When I score an essay, it often looks like someone killed a chicken on it. It’s covered with question marks, slashed phrases, circled errors, and marginal comments – all in bright red ink. I usually line out a quarter to a third of the verbiage.
Imagine a classroom where students “like” a Facebook group dedicated to microbiology, live-tweet their laboratory discoveries, post a step-by-step instruction video of their research project on YouTube and publish their results on a school blog. When it comes to meshing social media and education, the possibilities are endless.
States are making little or no progress in providing affordable college opportunities or improving college completion rates for their residents, says a report released today by the National Center for Public Policy and Higher Education. The findings come as states face massive budget shortfalls that threaten higher-education funding, and the U.S. continues to lag behind other advanced nations on measures of higher-education performance.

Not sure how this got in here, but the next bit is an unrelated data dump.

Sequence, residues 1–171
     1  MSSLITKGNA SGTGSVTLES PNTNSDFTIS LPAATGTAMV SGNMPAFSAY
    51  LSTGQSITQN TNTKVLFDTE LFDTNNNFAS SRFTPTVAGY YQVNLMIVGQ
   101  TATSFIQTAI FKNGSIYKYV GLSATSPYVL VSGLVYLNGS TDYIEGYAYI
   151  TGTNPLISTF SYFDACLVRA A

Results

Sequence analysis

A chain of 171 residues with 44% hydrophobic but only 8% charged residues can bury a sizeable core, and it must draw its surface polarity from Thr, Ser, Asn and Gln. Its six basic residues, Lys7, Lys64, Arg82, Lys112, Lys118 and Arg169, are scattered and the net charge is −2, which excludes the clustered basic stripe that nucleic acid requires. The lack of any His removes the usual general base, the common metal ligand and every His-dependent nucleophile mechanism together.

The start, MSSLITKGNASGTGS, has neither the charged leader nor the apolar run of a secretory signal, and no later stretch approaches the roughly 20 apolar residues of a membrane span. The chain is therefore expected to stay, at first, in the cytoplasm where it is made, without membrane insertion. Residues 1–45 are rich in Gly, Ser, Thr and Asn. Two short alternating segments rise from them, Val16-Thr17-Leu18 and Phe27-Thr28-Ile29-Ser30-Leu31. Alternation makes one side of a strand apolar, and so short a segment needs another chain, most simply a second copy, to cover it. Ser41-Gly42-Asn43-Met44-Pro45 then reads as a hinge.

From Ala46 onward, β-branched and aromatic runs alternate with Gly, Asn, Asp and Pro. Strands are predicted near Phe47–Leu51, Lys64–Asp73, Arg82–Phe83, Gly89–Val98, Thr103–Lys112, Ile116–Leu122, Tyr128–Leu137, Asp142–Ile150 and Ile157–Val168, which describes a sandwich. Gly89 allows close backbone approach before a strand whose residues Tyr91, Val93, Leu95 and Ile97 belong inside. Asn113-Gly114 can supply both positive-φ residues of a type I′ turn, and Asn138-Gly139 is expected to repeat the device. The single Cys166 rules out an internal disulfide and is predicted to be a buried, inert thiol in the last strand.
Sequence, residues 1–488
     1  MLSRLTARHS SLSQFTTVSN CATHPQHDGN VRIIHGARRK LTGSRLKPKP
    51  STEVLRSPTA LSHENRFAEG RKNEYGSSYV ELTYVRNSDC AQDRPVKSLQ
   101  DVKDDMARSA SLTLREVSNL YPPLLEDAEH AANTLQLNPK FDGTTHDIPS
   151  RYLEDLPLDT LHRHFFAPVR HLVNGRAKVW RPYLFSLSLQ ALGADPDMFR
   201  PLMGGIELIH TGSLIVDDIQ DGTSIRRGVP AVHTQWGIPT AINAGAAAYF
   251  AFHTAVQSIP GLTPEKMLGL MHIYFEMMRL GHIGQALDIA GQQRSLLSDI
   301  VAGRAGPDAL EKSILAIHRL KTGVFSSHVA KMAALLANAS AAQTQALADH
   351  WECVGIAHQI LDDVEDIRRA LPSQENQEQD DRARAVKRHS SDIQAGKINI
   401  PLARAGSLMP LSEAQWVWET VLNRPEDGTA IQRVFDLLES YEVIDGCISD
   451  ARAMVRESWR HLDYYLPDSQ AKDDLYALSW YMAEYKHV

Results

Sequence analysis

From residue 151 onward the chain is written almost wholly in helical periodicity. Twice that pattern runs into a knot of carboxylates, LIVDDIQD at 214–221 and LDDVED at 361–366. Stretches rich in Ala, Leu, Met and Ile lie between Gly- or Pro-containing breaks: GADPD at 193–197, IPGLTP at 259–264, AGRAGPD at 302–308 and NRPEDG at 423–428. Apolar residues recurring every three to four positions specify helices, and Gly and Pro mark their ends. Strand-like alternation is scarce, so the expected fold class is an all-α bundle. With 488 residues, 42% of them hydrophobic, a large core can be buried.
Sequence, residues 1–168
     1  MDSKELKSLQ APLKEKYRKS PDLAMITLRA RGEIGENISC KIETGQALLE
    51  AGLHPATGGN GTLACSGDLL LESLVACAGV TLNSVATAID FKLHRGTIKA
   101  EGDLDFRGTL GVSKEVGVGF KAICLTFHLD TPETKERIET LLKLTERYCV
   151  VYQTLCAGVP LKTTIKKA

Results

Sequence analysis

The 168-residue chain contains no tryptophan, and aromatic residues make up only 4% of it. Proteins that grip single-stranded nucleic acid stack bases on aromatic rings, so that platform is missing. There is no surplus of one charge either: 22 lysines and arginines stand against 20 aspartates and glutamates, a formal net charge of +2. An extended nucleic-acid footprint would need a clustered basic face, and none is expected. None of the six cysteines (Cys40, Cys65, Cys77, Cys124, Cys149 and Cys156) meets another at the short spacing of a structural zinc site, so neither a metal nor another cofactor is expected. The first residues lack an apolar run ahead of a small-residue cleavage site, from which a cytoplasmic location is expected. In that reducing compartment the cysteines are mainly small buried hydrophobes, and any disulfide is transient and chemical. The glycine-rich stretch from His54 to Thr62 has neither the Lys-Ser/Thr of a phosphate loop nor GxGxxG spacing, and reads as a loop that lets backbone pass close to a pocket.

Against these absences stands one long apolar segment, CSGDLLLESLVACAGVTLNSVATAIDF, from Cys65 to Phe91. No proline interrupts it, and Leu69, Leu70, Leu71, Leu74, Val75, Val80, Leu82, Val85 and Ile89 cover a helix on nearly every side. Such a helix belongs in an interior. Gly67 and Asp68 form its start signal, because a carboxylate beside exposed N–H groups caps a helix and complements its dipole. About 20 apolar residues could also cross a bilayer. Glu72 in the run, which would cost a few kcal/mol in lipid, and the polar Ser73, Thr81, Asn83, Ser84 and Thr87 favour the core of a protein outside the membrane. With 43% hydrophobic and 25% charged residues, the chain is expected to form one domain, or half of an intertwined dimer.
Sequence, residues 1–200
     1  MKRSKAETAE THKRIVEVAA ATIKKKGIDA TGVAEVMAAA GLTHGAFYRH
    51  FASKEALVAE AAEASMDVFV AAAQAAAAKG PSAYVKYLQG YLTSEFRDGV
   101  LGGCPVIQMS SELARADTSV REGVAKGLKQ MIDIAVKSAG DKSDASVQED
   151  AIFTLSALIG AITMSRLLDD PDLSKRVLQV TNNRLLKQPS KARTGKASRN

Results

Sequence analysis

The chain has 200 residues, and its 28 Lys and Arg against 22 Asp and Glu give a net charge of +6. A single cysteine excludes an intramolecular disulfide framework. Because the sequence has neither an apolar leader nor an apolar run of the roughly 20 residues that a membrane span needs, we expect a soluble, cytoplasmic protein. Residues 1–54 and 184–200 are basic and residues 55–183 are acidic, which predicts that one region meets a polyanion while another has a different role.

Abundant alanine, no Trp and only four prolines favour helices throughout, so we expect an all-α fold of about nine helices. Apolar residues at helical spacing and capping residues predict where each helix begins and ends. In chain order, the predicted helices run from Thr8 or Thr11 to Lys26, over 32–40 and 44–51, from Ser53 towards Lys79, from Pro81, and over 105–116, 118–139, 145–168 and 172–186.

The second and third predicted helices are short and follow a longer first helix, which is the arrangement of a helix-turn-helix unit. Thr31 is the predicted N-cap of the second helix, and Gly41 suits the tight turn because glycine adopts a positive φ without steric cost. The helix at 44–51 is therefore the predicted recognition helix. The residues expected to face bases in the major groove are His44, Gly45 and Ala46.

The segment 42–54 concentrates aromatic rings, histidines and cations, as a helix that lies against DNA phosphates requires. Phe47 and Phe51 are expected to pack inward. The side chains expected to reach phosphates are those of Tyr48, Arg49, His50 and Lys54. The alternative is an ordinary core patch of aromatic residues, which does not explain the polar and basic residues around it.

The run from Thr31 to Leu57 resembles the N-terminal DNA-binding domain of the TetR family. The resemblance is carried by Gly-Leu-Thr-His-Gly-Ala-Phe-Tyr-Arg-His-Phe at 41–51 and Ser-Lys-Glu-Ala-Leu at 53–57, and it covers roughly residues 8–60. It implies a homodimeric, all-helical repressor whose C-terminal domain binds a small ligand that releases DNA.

I found another great website which I felt I had to share with you – GrammarNOW.com. This site is an awesome resource for anyone looking for help with grammar, usage, composition, or editing.
Many high school students have a difficult experience with their first classic literature assignment. So how do we break the barriers between literature and learning?